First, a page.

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Open Source Development in a Differentiated Duopoly

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  • Stephane Verani

    ()
    (Department of Economics, The University of Western Australia)

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    Abstract

    Open source software is released under an open source license giving individuals the right to use, modify, and redistribute freely the programs. This paper proposes a model of differentiated duopoly in which firms invest in the development of proprietary or open source software. The main findings are: (i) firms invest more when the products are substitutes; (ii) for substitute products, firms’ investment in software development is greatest when the software is open source; (iii) for close to perfect complements, firms’ investment in software development is greatest when the software is proprietary; and (iv) for substitute products, investment in open source software yields higher profits than investment in proprietary software.

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    File URL: http://www.biz.uwa.edu.au/home/research/discussionworking_papers/economics?f=147008
    File Function: First version, 2006
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    Bibliographic Info

    Paper provided by The University of Western Australia, Department of Economics in its series Economics Discussion / Working Papers with number 06-05.

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    Length: 28 pages
    Date of creation: 2006
    Date of revision:
    Handle: RePEc:uwa:wpaper:06-05

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    1. Amir, Rabah & Wooders, John, 1997. "One-Way Spillovers, Endogenous Innovator/Imitator Roles and Research Joint Ventures," Economics Series 43, Institute for Advanced Studies.
    2. Richard J. Gilbert and Michael L. Katz., 2001. "An Economist's Guide to U.S. v. Microsoft," Economics Working Papers E01-300, University of California at Berkeley.
    3. Justin Pappas Johnson, 2002. "Open Source Software: Private Provision of a Public Good," Journal of Economics & Management Strategy, Wiley Blackwell, vol. 11(4), pages 637-662, December.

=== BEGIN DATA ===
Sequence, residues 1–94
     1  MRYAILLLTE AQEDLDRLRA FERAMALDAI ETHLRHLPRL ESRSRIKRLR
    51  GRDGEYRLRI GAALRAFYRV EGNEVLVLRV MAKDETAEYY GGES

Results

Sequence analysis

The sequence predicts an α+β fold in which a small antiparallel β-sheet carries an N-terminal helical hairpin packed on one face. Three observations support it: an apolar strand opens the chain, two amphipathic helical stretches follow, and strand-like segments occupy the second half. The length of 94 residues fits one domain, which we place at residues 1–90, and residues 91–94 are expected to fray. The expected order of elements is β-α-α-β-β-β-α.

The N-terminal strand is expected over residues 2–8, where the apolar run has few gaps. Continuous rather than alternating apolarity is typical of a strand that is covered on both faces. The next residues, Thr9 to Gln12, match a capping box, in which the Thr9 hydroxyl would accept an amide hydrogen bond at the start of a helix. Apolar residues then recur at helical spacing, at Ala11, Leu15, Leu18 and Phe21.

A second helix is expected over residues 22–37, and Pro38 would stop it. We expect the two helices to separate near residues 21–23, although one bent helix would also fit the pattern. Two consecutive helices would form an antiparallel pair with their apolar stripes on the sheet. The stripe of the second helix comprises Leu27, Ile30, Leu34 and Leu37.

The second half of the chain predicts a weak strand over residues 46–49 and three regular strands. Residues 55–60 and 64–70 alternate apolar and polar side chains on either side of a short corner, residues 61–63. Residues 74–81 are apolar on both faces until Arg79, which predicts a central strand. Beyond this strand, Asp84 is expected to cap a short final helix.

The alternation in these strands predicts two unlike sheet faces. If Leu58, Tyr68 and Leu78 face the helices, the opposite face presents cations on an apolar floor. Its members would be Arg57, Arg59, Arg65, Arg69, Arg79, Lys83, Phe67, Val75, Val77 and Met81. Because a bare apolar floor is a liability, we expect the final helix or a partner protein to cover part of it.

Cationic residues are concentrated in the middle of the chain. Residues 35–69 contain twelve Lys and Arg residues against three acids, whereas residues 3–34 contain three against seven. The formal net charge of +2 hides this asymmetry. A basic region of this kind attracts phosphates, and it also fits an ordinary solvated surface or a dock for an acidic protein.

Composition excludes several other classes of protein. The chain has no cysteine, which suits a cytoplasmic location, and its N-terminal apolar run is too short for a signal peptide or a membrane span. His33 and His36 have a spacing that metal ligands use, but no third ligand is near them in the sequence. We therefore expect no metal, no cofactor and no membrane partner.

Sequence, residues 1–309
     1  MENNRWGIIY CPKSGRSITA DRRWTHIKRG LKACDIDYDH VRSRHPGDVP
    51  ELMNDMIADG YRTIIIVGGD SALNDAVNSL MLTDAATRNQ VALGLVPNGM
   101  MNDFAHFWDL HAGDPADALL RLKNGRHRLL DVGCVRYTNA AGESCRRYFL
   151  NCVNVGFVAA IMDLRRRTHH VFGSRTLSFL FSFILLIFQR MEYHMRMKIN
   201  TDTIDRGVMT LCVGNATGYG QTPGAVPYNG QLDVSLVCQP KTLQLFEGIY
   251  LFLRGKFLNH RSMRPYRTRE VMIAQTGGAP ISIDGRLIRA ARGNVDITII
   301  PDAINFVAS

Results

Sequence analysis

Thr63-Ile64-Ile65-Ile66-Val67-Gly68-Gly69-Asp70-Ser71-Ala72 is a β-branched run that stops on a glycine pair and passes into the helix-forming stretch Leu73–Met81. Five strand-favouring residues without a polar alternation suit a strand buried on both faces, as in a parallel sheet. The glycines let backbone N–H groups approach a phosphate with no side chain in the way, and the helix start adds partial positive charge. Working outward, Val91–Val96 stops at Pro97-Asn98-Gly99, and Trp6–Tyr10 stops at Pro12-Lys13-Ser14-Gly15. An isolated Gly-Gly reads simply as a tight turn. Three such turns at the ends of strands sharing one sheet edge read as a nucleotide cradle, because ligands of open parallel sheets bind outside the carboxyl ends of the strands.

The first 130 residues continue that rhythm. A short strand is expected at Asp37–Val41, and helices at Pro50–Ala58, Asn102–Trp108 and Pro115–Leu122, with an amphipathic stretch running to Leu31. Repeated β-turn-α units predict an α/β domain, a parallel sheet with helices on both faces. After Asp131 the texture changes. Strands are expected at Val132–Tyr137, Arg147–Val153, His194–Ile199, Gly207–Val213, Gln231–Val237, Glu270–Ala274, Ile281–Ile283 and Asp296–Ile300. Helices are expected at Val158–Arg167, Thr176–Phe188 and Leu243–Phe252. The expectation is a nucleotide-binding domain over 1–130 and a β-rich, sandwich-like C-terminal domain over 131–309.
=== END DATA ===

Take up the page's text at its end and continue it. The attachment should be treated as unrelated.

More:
4. Josh Lerner & Jean Tirole, 2005. "The Economics of Technology Sharing: Open Source and Beyond," Journal of Economic Perspectives, American Economic Association, vol. 19(2), pages 99-120, Spring.
    5. Hackner, Jonas, 2000. "A Note on Price and Quantity Competition in Differentiated Oligopolies," Journal of Economic Theory, Elsevier, vol. 93(2), pages 233-239, August.
    6. Josh Lerner & Jean Tirole, 2003. "The Scope of Open Source Licensing," Levine's Working Paper Archive 506439000000000140, David K. Levine.
    7. Hertel, Guido & Niedner, Sven & Herrmann, Stefanie, 2003. "Motivation of software developers in Open Source projects: an Internet-based survey of contributors to the Linux kernel," Research Policy, Elsevier, vol. 32(7), pages 1159-1177, July.
    8. Xavier Vives, 2001. "Oligopoly Pricing: Old Ideas and New Tools," MIT Press Books, The MIT Press, edition 1, volume 1, number 026272040x, December.
    9. Alexandre Gaudeul, 2004. "Competition between open-source and proprietary software: the (La)TeX case study," Industrial Organization 0409007, EconWPA.
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    Cited by:
    1. Sebastian von Engelhardt, 2010. "Quality Competition or Quality Cooperation? License-Type and the Strategic Nature of Open Source vs. Closed Source Business Models," Jena Economic Research Papers 2010-034, Friedrich-Schiller-University Jena, Max-Planck-Institute of Economics.

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